Civil Rights

"Don't Believe in God?" The Iowa Bus Ad Conflict

Pictures of clouds set against a blue sky were placed on buses and signs across Iowa with the words, "Don't believe in God? You are not alone." The ads have raised issues about free speech and created controversy among several groups.

"God" On Buses

After 20 buses features these ads, the Des Moines Area Regional Transit Authority (DART) removed the signs, claiming that the word "God" on a bus ad is not allowed. "We have never allowed that word in our advertising, promoting a religion," said Elizabeth Prusetti, chief development officer for the bus agency. "We've never used the word God in any advertising, to maintain some autonomy. We've had churches advertise but it's been for their church and not a belief."1 She explained that the ads ran due to an internal mix up.

DART then determined the ads were inappropriate and removed them. Afterwards however, the transit authority decided its advertising policy was outdated and reinstated the ads.

Who Is behind These Ads?

The ads were purchased by the Iowa Atheists and Freethinkers. Their campaign is part of a national effort by the United Coalition for Reason to raise the visibility of local groups in the community of reason and nonbelievers. Similar bus ads and billboards have run in Dallas/Fort Worth, Phoenix, New Orleans, Charleston (S.C.), Philadelphia, Kansas City (Mo.), Denver, Boulder, Long Beach (Calif.) and Moscow (Idaho).

What Is the Controversy behind These Ads?

When the bus ads were removed, the Atheist and Freethinkers group was surprised and members believed their rights to free speech were violated. "We were not trying to offend anybody," Lilly Kryuchkov, spokeswoman for Iowa Atheists and Freethinkers said. "We were just trying to reach out to people like us who don't believe in God and we were surprised and disappointed that DART pulled the ads."2

The agency's general manager and the chairwoman of the agency's commission determined that the signs were inappropriate but the message was not communicated to the maintenance department that puts the signs on the buses. The mix-up led to the removal of the ads rather than complaints from citizens.

New Policy

DART has since decided its advertising policy was outdated and changed it to better align with other policies regarding civil rights, the State's obscenity and profanity laws and the diversity of the community. The word God is permitted under the new advertising policy.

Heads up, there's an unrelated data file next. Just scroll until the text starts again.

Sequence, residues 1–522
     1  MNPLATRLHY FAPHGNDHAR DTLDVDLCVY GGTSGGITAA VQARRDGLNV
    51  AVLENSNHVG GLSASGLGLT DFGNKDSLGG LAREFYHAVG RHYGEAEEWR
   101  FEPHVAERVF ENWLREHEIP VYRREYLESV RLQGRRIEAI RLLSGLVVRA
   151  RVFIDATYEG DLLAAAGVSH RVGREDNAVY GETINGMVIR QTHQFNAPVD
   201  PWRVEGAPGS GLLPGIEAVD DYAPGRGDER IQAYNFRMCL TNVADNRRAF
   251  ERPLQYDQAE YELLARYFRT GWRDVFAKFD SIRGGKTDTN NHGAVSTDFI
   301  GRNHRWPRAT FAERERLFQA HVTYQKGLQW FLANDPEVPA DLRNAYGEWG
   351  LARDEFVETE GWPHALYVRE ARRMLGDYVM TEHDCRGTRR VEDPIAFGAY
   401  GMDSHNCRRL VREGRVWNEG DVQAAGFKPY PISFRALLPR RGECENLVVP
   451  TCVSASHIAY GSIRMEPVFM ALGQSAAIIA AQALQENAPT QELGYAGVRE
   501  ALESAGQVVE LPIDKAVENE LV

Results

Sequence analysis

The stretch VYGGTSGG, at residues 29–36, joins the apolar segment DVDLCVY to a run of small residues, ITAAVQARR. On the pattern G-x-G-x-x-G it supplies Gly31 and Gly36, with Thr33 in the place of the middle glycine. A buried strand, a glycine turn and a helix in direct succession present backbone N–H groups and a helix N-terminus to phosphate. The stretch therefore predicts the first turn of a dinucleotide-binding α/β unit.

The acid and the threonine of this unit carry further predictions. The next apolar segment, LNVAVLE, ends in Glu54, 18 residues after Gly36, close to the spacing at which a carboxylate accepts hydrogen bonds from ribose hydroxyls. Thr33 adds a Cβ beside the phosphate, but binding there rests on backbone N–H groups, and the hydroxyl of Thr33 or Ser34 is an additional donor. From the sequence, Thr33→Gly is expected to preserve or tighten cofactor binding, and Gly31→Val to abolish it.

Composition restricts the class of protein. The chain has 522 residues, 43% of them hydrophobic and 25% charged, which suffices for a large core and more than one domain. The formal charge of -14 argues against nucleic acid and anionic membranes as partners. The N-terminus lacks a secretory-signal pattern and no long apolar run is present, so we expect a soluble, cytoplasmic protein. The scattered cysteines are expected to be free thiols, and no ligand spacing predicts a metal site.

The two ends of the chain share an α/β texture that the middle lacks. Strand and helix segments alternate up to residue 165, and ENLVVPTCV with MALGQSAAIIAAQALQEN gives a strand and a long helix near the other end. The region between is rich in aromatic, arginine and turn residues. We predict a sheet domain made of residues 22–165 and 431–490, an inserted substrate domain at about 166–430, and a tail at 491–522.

"By honoring the freedoms protected through our shared civil liberties, DART ... will be in the position of displaying messages and images that may be controversial or uncomfortable to some, but legal and protected by civil rights,"3 said Brad Miller, DART's general manager.

After all, as acknowledged by President Barack Obama's during his inaugural address, when he said "We are a nation of Christians and Muslims, Jews and Hindus - and nonbelievers."4

London Bus Ads War

The dispute is similar to the competing bus ads controversy that took place last winter in London. Initially, bus ads advertised a Christian Web site, After visiting that site and learning that she was going to burn for all eternity, comedy writer Ariane Sherine started a counter-campaign and raised hundreds of thousands of dollars for the Atheist Bus Campaign. The campaign then placed ads on 800 buses across Britain claiming, "There's probably no God. Now stop worrying and enjoy your life."

The atheist bus ad drew about 100 complaints to the Advertising Standards Authority, but the group took no action.

These ads were followed by bible societies and churches advertising their views. The Trinitarian Bible Society began running its own bus campaign, advertising that "the fool hath said in his heart there is no God." The Christian Party ran ads which read, "There definitely is a God. So join the Christian Party and enjoy your life." The Russian Orthodox Church also pitched their view, saying, "There is a God, BELIEVE. Don't worry and enjoy your life."

Whether a similar religious advertisement campaign will occur in America remains to be seen.


1Associated Press, Atheist Bus Ads Spark Free-speech Debate in Iowa, First Amendment Center, Aug. 19, 2009, available at, accessed Oct. 13, 2009. 2Id. 3Id. 4Id.

Questions for Your Attorney

  • What are the rights of religious groups or those who wish to publicize a religious message? Can someone refuse to accept an advertisement based on the message? Does is matter if a public or private entity is involved?
  • How do Constitutional rights come into play when there's crossover between something secular and religious, for example a holiday? If a school district doesn't hold class on a Christian religious holiday, must it treat other religious holidays the same?
  • Can a business refuse to deal with a potential customer or client based on religion? Does it matter if the business is public or private?
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